It incarcerated in a dungeon, for a long time, one of our citizens, for no other cause but a zealous endeavor to procure the acceptance of our constitution, and the establishment of a state government.

It has failed and refused to secure, on a firm basis, the right of trial by jury, that palladium of civil liberty, and only safe guarantee for the life, liberty, and property of the citizen.

It has failed to establish any public system of education, although possessed of almost boundless resources, (the public domain,) and although it is an axiom in political science, that unless a people are educated and enlightened, it is idle to expect the continuance of civil liberty, or the capacity for self government.

It has suffered the military commandants, stationed among us, to exercise arbitrary acts of oppression and tyrrany, thus trampling upon the most sacred rights of the citizens, and rendering the military superior to the civil power.

It has dissolved, by force of arms, the state Congress of Coahuila and Texas, and obliged our representatives to fly for their lives from the seat of government, thus depriving us of the fundamental political right of representation.

It has demanded the surrender of a number of our citizens, and ordered military detachments to seize and carry them into the Interior for trial, in contempt of the civil authorities, and in defiance of the laws and the constitution.

It has made piratical attacks upon our commerce, by commissioning foreign desperadoes, and authorizing them to seize our vessels, and convey the property of our citizens to far distant ports for confiscation.

It denies us the right of worshipping the Almighty according to the dictates of our own conscience, by the support of a national religion, calculated to promote the temporal interest of its human functionaries, rather than the glory of the true and living God.

It has demanded us to deliver up our arms, which are essential to our defence, the rightful property of freemen, and formidable only to tyrannical governments.

It has invaded our country both by sea and by land, with intent to lay waste our territory, and drive us from our homes; and has now a large mercenary army advancing, to carry on against us a war of extermination.

It has, through its emissaries, incited the merciless savage, with the tomahawk and scalping knife, to massacre the inhabitants of our defenseless frontiers.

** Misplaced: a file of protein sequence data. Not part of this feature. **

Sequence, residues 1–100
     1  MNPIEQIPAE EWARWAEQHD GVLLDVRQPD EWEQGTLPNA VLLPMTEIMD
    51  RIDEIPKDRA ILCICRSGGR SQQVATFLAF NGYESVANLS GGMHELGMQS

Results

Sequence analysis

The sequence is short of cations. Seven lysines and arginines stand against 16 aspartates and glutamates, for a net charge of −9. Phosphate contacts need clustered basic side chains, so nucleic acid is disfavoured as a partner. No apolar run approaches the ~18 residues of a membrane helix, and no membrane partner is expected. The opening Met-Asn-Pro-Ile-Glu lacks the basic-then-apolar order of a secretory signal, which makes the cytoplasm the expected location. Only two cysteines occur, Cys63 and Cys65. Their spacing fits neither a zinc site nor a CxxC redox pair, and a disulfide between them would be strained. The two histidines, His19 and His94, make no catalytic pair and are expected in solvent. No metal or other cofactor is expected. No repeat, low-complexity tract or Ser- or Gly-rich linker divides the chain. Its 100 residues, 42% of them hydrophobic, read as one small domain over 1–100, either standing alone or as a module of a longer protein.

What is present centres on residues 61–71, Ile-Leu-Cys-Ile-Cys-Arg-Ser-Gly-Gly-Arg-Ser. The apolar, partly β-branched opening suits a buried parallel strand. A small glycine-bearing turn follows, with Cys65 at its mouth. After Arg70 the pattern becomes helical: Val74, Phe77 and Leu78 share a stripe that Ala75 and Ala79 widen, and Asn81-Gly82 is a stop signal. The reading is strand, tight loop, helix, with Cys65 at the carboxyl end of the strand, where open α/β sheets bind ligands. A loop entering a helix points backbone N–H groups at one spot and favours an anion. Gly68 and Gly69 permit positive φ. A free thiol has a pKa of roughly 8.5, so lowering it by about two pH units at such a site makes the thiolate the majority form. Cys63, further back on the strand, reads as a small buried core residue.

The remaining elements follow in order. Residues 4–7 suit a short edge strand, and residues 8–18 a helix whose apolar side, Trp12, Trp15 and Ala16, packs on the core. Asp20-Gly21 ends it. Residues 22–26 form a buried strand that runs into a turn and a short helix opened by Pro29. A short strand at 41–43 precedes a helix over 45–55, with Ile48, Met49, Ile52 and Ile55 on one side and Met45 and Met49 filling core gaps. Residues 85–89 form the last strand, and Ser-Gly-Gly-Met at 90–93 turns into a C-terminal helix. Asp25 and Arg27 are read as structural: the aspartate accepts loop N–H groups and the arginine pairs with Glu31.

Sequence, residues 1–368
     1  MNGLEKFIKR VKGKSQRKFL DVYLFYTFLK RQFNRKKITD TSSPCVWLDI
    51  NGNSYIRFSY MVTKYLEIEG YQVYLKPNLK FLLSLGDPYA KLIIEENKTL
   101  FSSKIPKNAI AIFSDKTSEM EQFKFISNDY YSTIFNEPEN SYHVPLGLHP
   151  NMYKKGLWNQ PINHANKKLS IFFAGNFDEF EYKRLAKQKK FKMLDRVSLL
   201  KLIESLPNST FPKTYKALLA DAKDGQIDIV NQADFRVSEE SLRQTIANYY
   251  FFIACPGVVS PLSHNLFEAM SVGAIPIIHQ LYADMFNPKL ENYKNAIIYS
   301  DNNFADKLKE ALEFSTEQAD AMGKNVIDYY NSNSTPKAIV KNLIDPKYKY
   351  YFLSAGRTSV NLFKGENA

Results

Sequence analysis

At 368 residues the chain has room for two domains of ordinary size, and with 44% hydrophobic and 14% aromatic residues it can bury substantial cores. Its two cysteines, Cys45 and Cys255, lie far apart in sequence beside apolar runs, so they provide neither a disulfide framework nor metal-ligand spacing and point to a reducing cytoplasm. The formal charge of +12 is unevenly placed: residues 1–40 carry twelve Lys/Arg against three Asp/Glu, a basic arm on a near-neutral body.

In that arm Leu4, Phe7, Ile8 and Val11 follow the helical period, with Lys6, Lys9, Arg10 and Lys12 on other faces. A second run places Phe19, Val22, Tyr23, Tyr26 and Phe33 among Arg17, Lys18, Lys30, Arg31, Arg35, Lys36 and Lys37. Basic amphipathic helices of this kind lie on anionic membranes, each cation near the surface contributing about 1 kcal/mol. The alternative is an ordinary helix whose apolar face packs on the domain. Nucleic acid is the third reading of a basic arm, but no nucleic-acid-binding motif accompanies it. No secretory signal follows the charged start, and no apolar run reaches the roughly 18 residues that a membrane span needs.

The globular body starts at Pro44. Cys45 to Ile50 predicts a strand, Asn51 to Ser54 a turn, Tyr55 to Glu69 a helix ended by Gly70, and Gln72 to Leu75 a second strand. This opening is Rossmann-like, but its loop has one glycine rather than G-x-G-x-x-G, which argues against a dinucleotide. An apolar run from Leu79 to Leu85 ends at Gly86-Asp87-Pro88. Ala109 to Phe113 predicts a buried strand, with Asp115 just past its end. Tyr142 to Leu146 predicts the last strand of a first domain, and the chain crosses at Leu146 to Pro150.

It hath been, during the whole time of our connection with it, the contemptible sport and victim of successive military revolutions, and hath continually exhibited every characteristic of a weak, corrupt, and tyrranical government.

These, and other grievances, were patiently borne by the people of Texas, untill they reached that point at which forbearance ceases to be a virtue. We then took up arms in defence of the national constitution. We appealed to our Mexican brethren for assistance. Our appeal has been made in vain. Though months have elapsed, no sympathetic response has yet been heard from the Interior. We are, therefore, forced to the melancholy conclusion, that the Mexican people have acquiesced in the destruction of their liberty, and the substitution therfor of a military government; that they are unfit to be free, and incapable of self government.

The necessity of self-preservation, therefore, now decrees our eternal political separation.

We, therefore, the delegates with plenary powers of the people of Texas, in solemn convention assembled, appealing to a candid world for the necessities of our condition, do hereby resolve and declare, that our political connection with the Mexican nation has forever ended, and that the people of Texas do now constitute a free, Sovereign, and independent republic, and are fully invested with all the rights and attributes which properly belong to independent nations; and, conscious of the rectitude of our intentions, we fearlessly and confidently commit the issue to the decision of the Supreme arbiter of the destinies of nations.

22 Responses

  1. This was an important week in the history of Texas. Yesterday was the 180th Anniversary of the Texas Declaration of Independence. Today marks the anniversary of the tenth day of the 13 day siege at the Alamo.

    Travis was despairing at that point, outnumbered 25-1, with no hope of aid and being asked to hold out to the last man so that Houston could gather enough men to meet Santa Ana in what would be the final battle.


  2. I didn’t know that bit about the Mexican Constitution. Thanks.


    • You’re welcome, JNC.

      I have been musing about Texas negotiating its secession. Assuming no civil war, what would be the hard details?